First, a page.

Saskatchewan mustard farmers set to rescue desperate French diners
Global food prices fell for a fifth month after demand for some products weakened and there was a seasonal uptick in supplies.
Wheat harvests in the northern hemisphere are helping ease supply constraints, while more grain trickles out of ports in Ukraine. A United Nations index of world food costs dropped 1.9 per cent in August from the previous month, data showed Friday. The index remained at the lowest level since January.
Falling prices may offer some relief to consumers as they grapple with a deepening cost-of-living crisis. Still, the declines are not as sharp as in July when food prices plunged the most since 2008, and remain higher than a year ago. Food inflation shows no signs of easing in many nations, with higher energy prices likely to boost processing costs. Harvests may shrink in the long term as farmers curb fertilizer use.
“Food prices are still really high,” Erin Collier, an economist at the UN’s Food and Agriculture Organization, said in an interview with Bloomberg TV. “Our point of concern is the fact that cereals, which have been a main driver of these price increases, remain very high.”
Costs fell across the board in August, with vegetable oils pushed slightly below their level from a year earlier. More palm oil supplies from Indonesia and seasonally rising outputs in southeast Asia helped push down the prices, while import demand for sunflower oil has been subdued, the FAO said in a statement.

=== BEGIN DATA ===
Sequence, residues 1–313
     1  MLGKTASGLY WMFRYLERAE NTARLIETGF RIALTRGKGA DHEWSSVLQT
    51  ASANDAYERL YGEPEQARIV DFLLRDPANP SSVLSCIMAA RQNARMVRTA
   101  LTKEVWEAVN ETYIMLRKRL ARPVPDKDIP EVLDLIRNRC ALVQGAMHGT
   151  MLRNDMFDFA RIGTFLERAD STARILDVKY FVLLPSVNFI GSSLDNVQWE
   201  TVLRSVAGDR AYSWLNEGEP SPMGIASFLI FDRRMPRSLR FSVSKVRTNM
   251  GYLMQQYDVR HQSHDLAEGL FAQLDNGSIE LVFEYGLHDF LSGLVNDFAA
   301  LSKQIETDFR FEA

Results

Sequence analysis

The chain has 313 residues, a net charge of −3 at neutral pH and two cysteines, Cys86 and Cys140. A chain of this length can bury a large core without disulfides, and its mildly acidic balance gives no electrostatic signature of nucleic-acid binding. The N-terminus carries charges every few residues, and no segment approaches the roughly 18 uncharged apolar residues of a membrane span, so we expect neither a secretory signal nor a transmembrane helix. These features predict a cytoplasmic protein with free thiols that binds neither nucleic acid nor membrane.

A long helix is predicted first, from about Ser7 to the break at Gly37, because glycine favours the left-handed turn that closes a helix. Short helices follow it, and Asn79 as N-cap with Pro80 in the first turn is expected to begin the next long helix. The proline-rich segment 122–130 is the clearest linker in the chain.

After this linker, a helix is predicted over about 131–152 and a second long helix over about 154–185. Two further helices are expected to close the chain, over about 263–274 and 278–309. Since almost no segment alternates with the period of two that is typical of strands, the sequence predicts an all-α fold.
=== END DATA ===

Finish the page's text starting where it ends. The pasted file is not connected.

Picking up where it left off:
Dairy stocks remained adequate and New Zealand boosted production in the new season. Major poultry importers reduced their purchases, while domestic demand for bovine meat in key exporters was weak.
Still, concerns over the impact of drought on corn harvests have partly offset declines in grain prices. And while more grain is leaving Ukraine, the volume is still far below the norm and lost farmland and weak local prices are threatening its next wheat harvest.
The FAO lowered its 2022 grain forecast by 1.4 per cent as heat waves led to plummeting corn yields in the European Union.
A strong dollar will also make it more expensive to ship foodstuffs and that will especially be problematic for import-dependent low-income countries, according to the FAO’s Collier.
The UN index tracks export prices for raw goods and excludes retail mark-ups, so it may take a while before their impact is felt by consumers.